In the past 12 months, youth unemployment has fallen by a record-breaking 253,000. This Government have developed an array of support for young people including: work experience, sector-based work academies, traineeships, the Work programme and increasing apprenticeship numbers.
I thank the Minister for her answer. Youth unemployment in my constituency has halved since 2012. I recently visited my local Asda in Colne to see the work it is doing with local jobcentres. What more can my right hon. Friend offer to end youth unemployment in Pendle?
My hon. Friend is doing a lot locally to help people into work. He has had three job fairs so far, and is soon to have a fourth. It is by working with business, as he is doing in his constituency and we are doing nationally, that we have businesses and trade associations engaged in running programmes such as movement to work and feeding Britain’s future. All such initiatives are giving young people opportunities to move into work. We are not complacent, and recognise that there is more we can do. We are looking to create an extra 3 million apprenticeships in the next Parliament to ensure that we have full employment for young people.
The Minister sounds so plausible and she has oh so many skills learned in the television trade, but she should pick up the Local Government Association report that said that so many young people in this country are being badly served and that there will be 2 million of them unemployed or under-employed in the next few years because the model that we have for helping young people is not fit for purpose and that after four and a half years she has done very little about it.
It would have been better had the hon. Gentleman stopped after his first sentence. Not only am I plausible—I was giving the true statistics. Let us be honest: it was the Opposition who said that unemployment would be up by a million at this stage. How wrong they were. [Interruption.] We have unemployment up by 2 million. [Interruption.] Sorry, the Opposition said that it would be down by a million. Employment levels are at a record high: more than 30.7 million people are now in work, putting the figures on a par with pre-recession rates.
Youth unemployment in the Ribble Valley is relatively low. One of our great facilities, the jobcentre in Clitheroe, is currently under review and the suggestion is that it should close. Does the Minister accept that young people in rural areas have to travel large distances to get to a jobcentre? As these jobcentres are important, they should not be told to get on a bus to Blackburn.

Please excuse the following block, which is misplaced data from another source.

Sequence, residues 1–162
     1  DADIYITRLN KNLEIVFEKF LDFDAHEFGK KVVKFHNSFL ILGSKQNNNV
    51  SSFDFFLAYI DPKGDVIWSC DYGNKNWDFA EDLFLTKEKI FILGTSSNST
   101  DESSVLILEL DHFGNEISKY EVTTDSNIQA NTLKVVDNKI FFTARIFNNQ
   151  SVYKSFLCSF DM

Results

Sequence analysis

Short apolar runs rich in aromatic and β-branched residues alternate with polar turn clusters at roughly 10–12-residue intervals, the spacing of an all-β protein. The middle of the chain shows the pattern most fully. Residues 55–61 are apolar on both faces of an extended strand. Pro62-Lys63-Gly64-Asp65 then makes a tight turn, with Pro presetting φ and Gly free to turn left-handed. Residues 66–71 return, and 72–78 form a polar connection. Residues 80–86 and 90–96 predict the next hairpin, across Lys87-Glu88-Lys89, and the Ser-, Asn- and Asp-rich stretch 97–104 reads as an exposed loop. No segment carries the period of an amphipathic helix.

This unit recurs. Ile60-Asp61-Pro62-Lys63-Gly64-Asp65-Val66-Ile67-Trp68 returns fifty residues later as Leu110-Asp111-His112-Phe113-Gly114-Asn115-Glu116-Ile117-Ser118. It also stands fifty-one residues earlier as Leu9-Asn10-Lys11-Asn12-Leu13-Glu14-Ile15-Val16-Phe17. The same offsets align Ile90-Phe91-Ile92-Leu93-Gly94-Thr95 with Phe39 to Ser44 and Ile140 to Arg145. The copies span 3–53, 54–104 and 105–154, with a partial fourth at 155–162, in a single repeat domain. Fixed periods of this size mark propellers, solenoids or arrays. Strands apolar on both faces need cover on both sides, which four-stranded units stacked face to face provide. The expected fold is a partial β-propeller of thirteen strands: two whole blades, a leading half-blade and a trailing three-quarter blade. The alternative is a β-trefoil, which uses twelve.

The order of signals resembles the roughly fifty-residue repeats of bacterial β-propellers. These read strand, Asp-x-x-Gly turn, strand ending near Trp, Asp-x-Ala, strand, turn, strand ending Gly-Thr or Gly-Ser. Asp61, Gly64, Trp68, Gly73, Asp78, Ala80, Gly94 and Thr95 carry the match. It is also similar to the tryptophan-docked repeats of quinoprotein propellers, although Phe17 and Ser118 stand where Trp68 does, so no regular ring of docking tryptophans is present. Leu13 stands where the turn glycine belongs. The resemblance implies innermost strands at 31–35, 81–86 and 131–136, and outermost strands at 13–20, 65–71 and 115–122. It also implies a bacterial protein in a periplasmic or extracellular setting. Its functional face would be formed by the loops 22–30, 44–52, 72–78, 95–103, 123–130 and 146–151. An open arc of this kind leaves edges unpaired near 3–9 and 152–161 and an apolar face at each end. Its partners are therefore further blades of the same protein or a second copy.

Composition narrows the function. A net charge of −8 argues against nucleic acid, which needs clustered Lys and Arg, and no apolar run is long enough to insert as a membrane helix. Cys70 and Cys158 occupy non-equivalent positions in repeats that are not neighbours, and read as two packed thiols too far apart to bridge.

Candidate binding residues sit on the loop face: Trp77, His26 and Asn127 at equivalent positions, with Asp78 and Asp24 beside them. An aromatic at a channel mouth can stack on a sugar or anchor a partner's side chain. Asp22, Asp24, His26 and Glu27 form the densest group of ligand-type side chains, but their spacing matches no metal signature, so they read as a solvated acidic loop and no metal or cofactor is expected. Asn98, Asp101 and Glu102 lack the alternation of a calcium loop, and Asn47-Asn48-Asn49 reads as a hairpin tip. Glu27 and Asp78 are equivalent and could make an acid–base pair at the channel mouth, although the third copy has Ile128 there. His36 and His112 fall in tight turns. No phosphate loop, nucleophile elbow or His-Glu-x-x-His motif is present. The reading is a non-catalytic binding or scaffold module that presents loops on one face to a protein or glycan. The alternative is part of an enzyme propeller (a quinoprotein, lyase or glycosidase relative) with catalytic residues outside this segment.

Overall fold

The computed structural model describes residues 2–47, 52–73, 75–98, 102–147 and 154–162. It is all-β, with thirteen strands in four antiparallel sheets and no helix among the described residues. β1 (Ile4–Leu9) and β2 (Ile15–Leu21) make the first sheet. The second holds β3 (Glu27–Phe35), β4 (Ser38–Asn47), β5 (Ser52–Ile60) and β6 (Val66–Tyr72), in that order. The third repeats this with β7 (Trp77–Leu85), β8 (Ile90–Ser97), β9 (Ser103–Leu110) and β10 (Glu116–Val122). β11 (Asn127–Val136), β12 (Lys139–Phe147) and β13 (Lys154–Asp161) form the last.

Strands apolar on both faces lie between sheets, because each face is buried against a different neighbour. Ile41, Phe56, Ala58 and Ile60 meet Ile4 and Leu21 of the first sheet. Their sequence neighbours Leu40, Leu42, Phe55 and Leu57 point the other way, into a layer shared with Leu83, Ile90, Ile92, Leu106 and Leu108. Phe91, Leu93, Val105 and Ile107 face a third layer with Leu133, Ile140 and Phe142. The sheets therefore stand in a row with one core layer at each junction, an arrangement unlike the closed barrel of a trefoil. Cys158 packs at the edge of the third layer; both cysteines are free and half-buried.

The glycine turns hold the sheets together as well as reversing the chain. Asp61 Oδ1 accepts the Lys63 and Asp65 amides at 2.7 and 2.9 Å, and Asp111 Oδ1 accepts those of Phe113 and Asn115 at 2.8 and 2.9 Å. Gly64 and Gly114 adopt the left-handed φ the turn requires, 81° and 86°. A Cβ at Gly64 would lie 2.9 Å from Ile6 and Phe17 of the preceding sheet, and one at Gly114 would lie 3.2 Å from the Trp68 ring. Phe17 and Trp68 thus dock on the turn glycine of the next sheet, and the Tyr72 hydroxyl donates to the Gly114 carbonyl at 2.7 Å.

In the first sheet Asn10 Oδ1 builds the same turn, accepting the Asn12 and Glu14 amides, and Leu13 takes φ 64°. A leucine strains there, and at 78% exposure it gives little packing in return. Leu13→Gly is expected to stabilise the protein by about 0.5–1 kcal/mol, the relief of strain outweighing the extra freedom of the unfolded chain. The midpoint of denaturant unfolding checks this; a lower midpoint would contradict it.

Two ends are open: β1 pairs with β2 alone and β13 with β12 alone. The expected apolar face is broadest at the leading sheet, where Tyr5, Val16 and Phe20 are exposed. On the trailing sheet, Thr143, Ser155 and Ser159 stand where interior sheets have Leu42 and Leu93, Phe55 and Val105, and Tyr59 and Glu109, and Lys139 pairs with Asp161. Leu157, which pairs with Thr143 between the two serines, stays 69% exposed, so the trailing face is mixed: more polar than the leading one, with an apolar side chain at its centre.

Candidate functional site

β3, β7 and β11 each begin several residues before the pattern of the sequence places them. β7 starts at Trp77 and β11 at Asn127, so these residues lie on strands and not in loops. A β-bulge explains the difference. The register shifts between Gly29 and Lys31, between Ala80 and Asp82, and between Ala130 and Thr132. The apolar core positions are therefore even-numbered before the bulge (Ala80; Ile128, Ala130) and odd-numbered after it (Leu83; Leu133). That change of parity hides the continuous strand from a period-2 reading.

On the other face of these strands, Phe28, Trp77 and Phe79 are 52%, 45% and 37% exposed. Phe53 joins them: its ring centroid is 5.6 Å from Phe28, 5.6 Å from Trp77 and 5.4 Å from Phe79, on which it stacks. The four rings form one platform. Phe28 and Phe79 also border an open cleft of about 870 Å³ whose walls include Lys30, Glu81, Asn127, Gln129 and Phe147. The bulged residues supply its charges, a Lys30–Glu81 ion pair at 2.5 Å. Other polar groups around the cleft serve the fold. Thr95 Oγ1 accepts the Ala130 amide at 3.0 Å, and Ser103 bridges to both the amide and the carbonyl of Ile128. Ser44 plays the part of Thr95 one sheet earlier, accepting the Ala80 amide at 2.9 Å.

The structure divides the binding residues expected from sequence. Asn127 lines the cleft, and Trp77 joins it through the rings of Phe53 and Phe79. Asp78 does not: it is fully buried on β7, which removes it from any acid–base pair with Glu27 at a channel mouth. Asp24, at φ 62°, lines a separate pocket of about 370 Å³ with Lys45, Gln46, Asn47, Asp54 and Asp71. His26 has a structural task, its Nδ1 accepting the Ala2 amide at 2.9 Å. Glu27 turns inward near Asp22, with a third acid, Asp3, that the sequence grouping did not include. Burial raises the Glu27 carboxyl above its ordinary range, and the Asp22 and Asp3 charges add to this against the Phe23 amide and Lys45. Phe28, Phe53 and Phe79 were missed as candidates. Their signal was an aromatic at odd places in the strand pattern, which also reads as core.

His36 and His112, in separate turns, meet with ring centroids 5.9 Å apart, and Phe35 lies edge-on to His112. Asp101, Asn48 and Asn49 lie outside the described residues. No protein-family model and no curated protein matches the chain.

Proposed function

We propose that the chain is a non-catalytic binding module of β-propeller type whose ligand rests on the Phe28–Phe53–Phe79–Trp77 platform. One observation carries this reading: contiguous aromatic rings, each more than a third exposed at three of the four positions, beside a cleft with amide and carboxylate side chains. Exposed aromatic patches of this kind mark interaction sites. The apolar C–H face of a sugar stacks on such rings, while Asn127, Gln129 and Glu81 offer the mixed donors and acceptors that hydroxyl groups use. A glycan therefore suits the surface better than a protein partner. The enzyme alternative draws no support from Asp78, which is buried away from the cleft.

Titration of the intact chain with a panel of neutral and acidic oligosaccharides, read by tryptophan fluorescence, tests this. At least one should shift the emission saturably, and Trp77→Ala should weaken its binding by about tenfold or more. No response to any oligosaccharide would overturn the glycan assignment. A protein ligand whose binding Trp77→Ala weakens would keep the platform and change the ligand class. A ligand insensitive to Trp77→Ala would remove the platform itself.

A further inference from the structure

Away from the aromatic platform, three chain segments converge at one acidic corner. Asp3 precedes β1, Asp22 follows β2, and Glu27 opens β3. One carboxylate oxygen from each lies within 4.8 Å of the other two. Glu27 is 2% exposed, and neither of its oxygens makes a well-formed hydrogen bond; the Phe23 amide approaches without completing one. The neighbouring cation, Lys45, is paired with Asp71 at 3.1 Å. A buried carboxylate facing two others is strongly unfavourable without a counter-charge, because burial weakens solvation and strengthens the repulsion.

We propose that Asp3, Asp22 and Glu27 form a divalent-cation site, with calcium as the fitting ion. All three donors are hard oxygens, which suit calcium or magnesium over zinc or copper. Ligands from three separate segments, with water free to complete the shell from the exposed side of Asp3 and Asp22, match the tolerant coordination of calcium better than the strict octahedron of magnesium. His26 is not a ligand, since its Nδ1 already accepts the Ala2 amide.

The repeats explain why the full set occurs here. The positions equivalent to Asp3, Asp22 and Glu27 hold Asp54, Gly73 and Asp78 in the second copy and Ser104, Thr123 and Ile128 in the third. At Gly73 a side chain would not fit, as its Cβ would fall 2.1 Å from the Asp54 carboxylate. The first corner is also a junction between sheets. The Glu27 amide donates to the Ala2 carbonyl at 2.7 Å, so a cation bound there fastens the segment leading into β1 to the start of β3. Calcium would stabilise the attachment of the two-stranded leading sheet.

My hon. Friend is right that jobcentres are important. The question is how we best support jobcentres and claimants. Can young people in rural areas make their claim on the phone or online, and can we align various other organisations so that they can come together and help support people in a fully rounded way? Obviously, what we are doing is right, because, as he says, in his area employment is up and unemployment is down.
The Minister budgeted for 160,000 young people to complete the Youth Contract wage incentive payments. When the Department pulled the plug on that scheme, fewer than 10,000 young people had actually completed the 26 weeks on the programme. Will she tell the House what went wrong?
What I will do is tell the House what went right, as that is what people want to know. We have a record number of young people in work. We had a £1 billion Youth Contract, within which was an array of different opportunities—work experience, sector-based work academies and wage incentives. Working with businesses, we found that work experience, sector-based work academies and apprenticeships were the things that they want, and they are the ones offering the jobs. We have seen 40,000 young people—not 10,000 young people—start in that way. We have redeployed the money from the Youth Contract to areas where it will be most effective. The situation is far from what the hon. Gentleman outlined, as what we are doing is working.